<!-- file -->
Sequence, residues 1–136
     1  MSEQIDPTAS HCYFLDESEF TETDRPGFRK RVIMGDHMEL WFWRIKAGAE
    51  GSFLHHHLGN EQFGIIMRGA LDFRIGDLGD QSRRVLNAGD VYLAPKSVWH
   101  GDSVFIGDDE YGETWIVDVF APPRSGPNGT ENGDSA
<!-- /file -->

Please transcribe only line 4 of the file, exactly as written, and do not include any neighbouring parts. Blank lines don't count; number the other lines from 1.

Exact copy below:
   101  GDSVFIGDDE YGETWIVDVF APPRSGPNGT ENGDSA